The clip below is from the Academy Award-winning movie, A Beautiful Mind with Russell Crowe. For those of you who haven't see it, I highly recommend you do. It's just great filmmaking. The story follows the life of John Nash, a brilliant mathematician who won the Nobel Prize in Economics for his work in Game Theory.
In this scene, John Nash, who has been suffering from serious mental delusions all his life, has a major, life-altering breakthrough. For the first time he is able to recognize with full awareness that the three "people" who have been constantly with him and influencing his actions aren't even real. As these three imaginary people are encouraging him to kill his wife and baby, he flashes to his memories of those three. He realizes that the little girl, Marcee, never gets old. She never changes. He rushes out to tell his wife ... "She never gets old. Marcee can't be real, she never get's old." This is a turning point for his life. The recognition that these three are illusions.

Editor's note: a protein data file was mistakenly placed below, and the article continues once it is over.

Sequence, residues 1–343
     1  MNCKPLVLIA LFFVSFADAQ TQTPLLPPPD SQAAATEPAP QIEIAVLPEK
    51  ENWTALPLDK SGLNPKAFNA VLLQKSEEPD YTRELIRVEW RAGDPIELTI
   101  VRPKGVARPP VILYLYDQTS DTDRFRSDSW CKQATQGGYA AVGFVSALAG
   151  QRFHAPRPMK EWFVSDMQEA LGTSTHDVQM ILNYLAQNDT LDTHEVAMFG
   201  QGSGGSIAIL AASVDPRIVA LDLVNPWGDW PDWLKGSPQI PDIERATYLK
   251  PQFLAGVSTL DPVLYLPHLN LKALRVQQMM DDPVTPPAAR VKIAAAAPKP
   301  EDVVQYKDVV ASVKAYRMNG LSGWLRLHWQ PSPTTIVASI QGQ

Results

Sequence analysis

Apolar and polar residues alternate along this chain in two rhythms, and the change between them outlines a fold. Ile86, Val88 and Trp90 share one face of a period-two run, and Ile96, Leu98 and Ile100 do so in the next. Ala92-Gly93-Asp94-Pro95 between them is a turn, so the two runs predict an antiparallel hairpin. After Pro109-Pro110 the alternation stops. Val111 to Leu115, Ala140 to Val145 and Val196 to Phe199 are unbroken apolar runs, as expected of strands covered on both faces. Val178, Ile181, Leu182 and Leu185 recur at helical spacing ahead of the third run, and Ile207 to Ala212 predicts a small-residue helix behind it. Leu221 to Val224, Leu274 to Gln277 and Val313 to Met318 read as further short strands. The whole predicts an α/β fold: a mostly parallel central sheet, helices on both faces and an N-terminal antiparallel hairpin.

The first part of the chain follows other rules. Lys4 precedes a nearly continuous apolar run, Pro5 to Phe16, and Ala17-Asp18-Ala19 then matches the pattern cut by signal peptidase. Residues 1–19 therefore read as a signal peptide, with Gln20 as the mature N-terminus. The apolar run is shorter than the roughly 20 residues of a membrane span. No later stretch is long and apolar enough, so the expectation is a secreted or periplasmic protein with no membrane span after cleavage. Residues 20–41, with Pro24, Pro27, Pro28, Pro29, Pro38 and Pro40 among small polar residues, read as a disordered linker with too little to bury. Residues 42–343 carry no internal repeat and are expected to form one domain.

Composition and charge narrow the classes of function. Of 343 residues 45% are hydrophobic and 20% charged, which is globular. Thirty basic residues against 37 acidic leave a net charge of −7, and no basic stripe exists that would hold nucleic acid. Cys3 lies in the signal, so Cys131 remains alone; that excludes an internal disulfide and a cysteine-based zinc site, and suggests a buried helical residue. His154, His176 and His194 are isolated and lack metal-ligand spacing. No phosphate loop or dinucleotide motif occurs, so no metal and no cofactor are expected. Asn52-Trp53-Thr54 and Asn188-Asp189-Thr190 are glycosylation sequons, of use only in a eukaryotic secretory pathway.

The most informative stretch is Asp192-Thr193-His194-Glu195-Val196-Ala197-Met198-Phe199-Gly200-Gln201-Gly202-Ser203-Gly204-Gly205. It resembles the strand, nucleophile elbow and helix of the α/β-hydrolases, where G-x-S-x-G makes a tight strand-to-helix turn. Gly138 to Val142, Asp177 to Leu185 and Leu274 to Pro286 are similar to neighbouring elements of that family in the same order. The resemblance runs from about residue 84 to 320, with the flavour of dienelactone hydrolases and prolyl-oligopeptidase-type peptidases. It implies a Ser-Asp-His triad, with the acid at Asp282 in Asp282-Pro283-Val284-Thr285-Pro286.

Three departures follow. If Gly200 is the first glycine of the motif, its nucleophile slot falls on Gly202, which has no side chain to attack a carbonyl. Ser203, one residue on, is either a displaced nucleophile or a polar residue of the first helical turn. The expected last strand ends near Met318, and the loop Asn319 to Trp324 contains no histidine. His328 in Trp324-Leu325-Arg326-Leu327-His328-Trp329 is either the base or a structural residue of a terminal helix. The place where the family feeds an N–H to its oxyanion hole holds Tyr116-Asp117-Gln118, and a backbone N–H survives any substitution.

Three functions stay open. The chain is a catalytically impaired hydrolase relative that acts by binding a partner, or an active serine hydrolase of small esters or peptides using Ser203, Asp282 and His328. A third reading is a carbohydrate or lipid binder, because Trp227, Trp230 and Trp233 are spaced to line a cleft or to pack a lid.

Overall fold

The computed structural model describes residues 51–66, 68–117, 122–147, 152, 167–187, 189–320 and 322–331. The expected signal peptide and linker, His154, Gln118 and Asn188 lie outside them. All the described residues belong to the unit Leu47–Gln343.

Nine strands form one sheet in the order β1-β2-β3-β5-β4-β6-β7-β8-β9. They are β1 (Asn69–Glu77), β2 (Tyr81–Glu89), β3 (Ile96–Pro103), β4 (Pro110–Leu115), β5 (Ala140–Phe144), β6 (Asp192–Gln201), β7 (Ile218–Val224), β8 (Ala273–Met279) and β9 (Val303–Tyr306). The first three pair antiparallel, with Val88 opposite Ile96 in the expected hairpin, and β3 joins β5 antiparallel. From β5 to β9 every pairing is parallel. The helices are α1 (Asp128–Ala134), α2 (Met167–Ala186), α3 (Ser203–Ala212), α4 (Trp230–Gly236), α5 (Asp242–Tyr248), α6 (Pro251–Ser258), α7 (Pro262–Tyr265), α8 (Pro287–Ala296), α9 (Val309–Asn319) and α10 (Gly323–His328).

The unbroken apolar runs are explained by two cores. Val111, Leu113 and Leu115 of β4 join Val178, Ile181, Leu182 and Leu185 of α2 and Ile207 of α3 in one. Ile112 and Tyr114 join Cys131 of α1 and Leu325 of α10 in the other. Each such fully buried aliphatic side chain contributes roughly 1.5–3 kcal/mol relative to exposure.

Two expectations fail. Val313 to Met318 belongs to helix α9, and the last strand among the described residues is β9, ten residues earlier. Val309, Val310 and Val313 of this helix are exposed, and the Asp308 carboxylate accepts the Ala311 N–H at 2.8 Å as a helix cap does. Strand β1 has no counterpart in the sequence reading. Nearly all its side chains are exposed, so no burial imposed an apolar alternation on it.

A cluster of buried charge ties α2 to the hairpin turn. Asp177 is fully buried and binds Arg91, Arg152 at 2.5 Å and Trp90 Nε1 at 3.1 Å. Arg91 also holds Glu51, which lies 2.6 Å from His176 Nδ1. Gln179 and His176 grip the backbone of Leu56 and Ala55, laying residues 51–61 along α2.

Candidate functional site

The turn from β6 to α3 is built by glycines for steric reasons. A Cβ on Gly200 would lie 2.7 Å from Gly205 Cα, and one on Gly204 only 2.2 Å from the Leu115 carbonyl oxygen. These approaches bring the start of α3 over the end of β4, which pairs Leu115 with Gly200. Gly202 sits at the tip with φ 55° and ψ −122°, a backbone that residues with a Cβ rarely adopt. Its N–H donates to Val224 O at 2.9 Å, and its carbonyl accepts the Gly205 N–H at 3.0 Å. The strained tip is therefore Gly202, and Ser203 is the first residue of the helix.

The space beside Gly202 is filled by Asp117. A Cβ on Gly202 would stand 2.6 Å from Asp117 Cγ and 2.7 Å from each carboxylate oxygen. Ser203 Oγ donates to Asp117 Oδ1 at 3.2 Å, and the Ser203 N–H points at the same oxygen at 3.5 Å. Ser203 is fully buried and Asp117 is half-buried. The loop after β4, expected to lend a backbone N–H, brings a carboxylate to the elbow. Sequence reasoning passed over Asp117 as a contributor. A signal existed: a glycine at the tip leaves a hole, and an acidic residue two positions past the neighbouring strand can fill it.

In reality, everyone is changing all the time; they are happy, they are sad, they make wise decisions, they make foolish decisions, they like their situation, they don't like it. Every label or fixed idea we assign to a person makes them less real to us and makes us less able to connect to them as a person. Labels don't change, people do.
I'm not even saying that labels are wrong, they can be helpful in sorting and categorizing all the different people we come into contact with every day. But, if we are really trying to connect and communicate and create new possibilities, it has to be without labels.
Try this, think of someone you want to connect with, make list on paper of every label and idea and assigned characteristic you hold of them. Tear the list up. How does that feel?